Really he needs to completely exit the political stage – namely, resign as an MEP and close the door on UKIP leadership. Then perhaps he can effect the transition other politicians such as David Mellor have made…

  • Anyone wanting to disconcert Farage needs ‘one liners’…For instance, on the clip featuring ‘Chris’, Farage said he had years of experience in the European Parliament…The one liner of, “But you were rarely there, Nigel. Your attendance was the worst of all MEPs (I know he was actually second worst, but the barb is damn close)”…followed by “You pretended to be concerned about British fishing rights but you only attended one session out of fortytwo; what sort of concern does that show?”…

    Listeners remember one liners and he can’t cut you off without looking weak…

  • Sue Sutherland 6th Jan '17 - 2:34pm

    I agree with challenging Farage but it’s important not to be drawn in and end up telling Leave supporters they’re stupid and racist. I imagine a lot of ‘We are the 48%’ members will want to challenge him but ya boo arguments will never persuade anyone.

  • Stephen Booth 6th Jan '17 - 4:43pm

    Can someone challenge Farrago soon on his programme on why he and his chums are members of the European Parliament? Is it just to get their stickies on lots of cash to campaign for dismemberment of the EU? Absurd that we ever allowed them to stand; at least Sinn Fein had the grace not to take their seats at Westminster.

    The sooner he leaves the stage the better to become a lift attendant at Trump Tower the better. Heaven forfend that he goes to Classic FM (the final resting home of bruised careers and ailing would-be talent). On the other hand it could be instructional when Nigel discovers England’s greatest composer (Handel) was German!

  • Stephen Booth

    “Can someone challenge Farrago soon on his programme on why he and his chums are members of the European Parliament?

    Hint : If you’re going to do a ‘Guy Fawkes’, on an unwanted institution, its much better if you are in the building with a legitimate pass card.?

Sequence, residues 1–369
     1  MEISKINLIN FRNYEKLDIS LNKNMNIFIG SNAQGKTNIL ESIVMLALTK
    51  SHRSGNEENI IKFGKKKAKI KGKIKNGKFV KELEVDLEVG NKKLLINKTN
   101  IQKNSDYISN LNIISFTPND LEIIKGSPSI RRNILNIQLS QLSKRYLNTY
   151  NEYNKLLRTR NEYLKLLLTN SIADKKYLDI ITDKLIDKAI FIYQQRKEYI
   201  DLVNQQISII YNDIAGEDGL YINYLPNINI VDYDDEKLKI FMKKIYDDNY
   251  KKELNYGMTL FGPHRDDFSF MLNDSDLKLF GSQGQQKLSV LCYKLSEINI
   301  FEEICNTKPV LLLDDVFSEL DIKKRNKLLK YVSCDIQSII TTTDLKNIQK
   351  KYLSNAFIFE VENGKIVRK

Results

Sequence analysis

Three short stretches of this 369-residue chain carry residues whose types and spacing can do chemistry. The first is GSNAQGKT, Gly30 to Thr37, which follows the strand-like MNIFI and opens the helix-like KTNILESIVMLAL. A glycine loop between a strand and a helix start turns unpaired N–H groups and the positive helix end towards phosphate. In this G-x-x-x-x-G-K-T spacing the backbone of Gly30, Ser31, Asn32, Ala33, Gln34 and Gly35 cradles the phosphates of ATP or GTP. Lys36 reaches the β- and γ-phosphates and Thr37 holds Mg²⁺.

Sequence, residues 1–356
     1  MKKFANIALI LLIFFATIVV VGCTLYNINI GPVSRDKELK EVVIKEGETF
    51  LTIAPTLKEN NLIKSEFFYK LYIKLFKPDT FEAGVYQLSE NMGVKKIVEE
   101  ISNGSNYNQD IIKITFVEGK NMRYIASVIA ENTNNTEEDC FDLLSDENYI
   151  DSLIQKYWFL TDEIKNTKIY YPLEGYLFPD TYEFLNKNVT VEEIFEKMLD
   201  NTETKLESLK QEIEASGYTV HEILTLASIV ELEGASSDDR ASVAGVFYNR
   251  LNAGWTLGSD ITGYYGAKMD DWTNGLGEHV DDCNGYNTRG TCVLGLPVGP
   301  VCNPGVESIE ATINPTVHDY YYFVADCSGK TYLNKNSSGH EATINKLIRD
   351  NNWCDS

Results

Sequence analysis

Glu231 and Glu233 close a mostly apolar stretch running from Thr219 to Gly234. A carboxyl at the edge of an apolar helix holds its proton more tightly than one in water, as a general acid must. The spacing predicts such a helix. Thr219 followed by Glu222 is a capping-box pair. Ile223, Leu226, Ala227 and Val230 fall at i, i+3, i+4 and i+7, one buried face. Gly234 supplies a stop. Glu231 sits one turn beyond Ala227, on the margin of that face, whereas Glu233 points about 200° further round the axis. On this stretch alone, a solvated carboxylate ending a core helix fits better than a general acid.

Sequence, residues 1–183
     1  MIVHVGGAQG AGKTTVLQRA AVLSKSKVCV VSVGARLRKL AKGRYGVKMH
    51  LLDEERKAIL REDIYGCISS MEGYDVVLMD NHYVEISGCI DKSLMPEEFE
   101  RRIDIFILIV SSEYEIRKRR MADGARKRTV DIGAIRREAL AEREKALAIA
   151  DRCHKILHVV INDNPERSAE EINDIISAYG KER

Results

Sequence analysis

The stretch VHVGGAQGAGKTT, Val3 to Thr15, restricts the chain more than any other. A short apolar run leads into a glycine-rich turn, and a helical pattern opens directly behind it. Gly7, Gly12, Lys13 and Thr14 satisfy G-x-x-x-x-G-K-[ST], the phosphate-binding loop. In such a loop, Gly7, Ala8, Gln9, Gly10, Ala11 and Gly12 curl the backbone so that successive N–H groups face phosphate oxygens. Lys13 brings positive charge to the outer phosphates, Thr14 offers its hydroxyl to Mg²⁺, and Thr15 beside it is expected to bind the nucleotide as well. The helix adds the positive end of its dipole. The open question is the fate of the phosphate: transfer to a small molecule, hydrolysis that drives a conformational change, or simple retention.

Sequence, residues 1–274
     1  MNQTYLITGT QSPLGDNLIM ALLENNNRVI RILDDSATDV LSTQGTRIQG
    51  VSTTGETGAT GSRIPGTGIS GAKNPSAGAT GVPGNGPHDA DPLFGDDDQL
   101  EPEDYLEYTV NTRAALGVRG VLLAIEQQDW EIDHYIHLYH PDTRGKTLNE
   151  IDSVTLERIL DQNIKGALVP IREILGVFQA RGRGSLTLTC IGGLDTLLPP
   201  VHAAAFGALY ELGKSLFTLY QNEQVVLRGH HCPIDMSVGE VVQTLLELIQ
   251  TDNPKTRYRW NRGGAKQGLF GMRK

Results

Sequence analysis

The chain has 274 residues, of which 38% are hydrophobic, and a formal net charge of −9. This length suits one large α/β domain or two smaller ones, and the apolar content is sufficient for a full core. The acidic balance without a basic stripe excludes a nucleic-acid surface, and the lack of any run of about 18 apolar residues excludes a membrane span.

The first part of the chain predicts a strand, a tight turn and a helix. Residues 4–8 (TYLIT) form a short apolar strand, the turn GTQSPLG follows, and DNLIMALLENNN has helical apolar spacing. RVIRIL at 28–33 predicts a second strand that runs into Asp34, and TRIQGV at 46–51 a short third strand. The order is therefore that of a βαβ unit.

“On the other hand it could be instructional when Nigel discovers England’s greatest composer (Handel) was German!”

    If Farage didn’t already know that Handel was German,.. I’m sure his German wife would remind him.?

  • Lorenzo Cherin 7th Jan '17 - 1:43am

    Tonyhill and Caron

    I should add , I mean boycotts are silly and undemocratic in the context of not viewing television or radio political talk shows not in general! For example , not listening to anything on that channel as a protest over one wretched presenter , means good people like Majid Nawaz do not get heard and listening figures for Farage are all the higher in comparison with the other democratically represented speakers , skewing the importance or popularity of the Farage type !

    Perish the thought that I would not support personal decisions on product purchasing in an ethical direction.

    I am a vegetarian , non smoker, non drinker, non driver, I see the ethics in non purchase of harm believe me ! If there were still a Liberal temperence society I would be the President !

  • @ Caron – I thought my family were the only remaining Nestle boycotters! Although I do sometimes struggle when Kit-Kats are wheeled out at meetings. 🙁

    It’s hard to know what to do with regards to Farage. One of the reasons he gets so much air-time and is able to control his own narrative is that he is walking, talking click-bait. He’s guaranteed to say something worthy of a headline, and hits from people angry with him get just as much advertising revenue as those from people who think he’s great. In that respect, I think it’s reasonable to make a decision to ‘ignore’ him.

    On the other hand, he survives because he’s never had proper scrutiny IMO. I sometimes think that if he had won a seat in Parliament, his sloppy ways would have been exposed, and may have been marginally distracted from his media career. The fact is that he does now have this show, and if the brave amongst us can take the opportunity to ask thorny questions, or make pithy points – brilliant. However, you can be sure that you’ll be sandwiched between people who think the opposite, so it won’t be much fun.

    Others may find it easier to show support for the people who better reflect our views, by listening in a way that is registered (they’ll notice online listens) and generally showing an interest in their shows with emails and phone calls.